The Bretton Woods system of monetary management established the rules for commercial and financial relations among the United States, Canada, Western Europe, Australia, and Japan after the 1944 Bretton-Woods Agreement.
The British Bank of Northern Commerce was founded in February 1912 by Knut Agathon Wallenberg of the Stockholms Enskilda Bank and Emil Glückstadt of Landmandsbanken (Copenhagen), together with several other banks including Centralbanken for Norge (Christiania), Banque de Commerce de l`Azoff-Don (Petrograd), and Banque de Paris et des Pays Bas (Paris).
The business cycle, also known as the economic cycle or trade cycle, is the downward and upward movement of gross domestic product (GDP) around its long-term growth trend.
A business person (also businessman or businesswoman) is a person involved in the business sector – in particular someone undertaking activities (commercial or industrial) for the purpose of generating cash flow, sales, and revenue utilizing a combination of human, financial, intellectual and physical capital with a view to fuelling economic development and growth.
C-SPAN, an acronym for Cable-Satellite Public Affairs Network, is an American cable and satellite television network that was created in 1979 by the cable television industry as a public service.
Cambridge is a university city and the county town of Cambridgeshire, England, on the River Cam approximately north of London.
The Cambridge Apostles is an intellectual society at the University of Cambridge founded in 1820 by George Tomlinson, a Cambridge student who went on to become the first Bishop of Gibraltar.
Cambridge Arts Theatre is a 666-seat theatre on Peas Hill and St Edward's Passage in central Cambridge, England.
Cambridge University was a university constituency electing two members to the British House of Commons, from 1603 to 1950.
Cambridge University Liberal Association is the student branch of the Liberal Democrats for students at Cambridge University.
Cambridge University Press (CUP) is the publishing business of the University of Cambridge.
Cambridgeshire (abbreviated Cambs.), is an East Anglian county in England, bordering Lincolnshire to the north, Norfolk to the north-east, Suffolk to the east, Essex and Hertfordshire to the south, and Bedfordshire and Northamptonshire to the west.
Capital controls are residency-based measures such as transaction taxes, other limits, or outright prohibitions that a nation's government can use to regulate flows from capital markets into and out of the country's capital account.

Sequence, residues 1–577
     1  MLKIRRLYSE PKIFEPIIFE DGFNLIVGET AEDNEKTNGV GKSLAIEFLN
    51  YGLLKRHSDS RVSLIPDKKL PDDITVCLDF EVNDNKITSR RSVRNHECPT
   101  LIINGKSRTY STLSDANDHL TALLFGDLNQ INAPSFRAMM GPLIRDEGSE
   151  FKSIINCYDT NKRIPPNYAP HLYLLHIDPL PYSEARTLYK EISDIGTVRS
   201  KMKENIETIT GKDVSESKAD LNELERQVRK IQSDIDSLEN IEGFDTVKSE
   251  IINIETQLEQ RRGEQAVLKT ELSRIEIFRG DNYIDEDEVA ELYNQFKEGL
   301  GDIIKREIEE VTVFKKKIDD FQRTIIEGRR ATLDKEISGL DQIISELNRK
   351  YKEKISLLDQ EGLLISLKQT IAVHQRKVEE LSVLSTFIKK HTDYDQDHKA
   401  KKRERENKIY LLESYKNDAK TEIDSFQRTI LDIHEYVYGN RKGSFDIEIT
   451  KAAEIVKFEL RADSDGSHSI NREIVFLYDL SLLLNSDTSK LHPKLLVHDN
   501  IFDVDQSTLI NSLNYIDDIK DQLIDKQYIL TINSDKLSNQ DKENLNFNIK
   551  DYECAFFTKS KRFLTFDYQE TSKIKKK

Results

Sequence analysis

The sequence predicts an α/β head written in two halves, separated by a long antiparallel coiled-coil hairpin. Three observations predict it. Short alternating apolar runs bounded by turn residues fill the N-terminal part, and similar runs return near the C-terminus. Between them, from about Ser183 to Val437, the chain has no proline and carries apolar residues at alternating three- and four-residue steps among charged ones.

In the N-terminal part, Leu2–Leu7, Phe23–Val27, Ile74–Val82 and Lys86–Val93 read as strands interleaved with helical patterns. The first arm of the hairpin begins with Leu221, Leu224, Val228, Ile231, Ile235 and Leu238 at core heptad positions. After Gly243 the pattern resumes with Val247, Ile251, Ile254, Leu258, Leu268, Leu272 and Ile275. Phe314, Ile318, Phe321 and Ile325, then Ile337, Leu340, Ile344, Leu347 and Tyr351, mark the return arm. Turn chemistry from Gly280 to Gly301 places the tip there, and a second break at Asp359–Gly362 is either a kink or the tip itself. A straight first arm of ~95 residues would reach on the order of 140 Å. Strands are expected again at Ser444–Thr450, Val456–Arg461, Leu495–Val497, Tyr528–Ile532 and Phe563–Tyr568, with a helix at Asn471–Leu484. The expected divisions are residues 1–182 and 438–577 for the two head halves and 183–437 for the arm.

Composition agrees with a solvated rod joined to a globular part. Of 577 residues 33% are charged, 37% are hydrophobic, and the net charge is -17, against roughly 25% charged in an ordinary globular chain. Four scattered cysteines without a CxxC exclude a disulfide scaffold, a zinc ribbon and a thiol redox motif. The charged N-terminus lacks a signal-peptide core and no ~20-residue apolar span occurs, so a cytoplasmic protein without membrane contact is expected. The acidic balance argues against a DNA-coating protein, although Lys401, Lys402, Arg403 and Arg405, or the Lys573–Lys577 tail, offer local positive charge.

Capital flight, in economics, occurs when assets or money rapidly flow out of a country, due to an event of economic consequence.
Capitalism is an economic system based upon private ownership of the means of production and their operation for profit.
Carl Melchior (October 13, 1871 – December 30, 1933) was born in Hamburg.
A central bank, reserve bank, or monetary authority is an institution that manages a state's currency, money supply, and interest rates.
The Chancellor and Under-Treasurer of Her Majesty's Exchequer, commonly known as the Chancellor of the Exchequer, or simply the Chancellor, is a senior official within the Government of the United Kingdom and head of Her Majesty's Treasury.
Chatto & Windus was an important publisher of books in London, founded in the Victorian era.
The Chicago school of economics is a neoclassical school of economic thought associated with the work of the faculty at the University of Chicago, some of whom have constructed and popularized its principles.
Her Majesty's Home Civil Service, also known as Her Majesty's Civil Service or the Home Civil Service, is the permanent bureaucracy or secretariat of Crown employees that supports Her Majesty's Government, which is composed of a cabinet of ministers chosen by the Prime Minister of the United Kingdom of Great Britain and Northern Ireland, as well as two of the three devolved administrations: the Scottish Government and the Welsh Government, but not the Northern Ireland Executive.
Classical liberalism is a political ideology and a branch of liberalism which advocates civil liberties under the rule of law with an emphasis on economic freedom.
Classics or classical studies is the study of classical antiquity.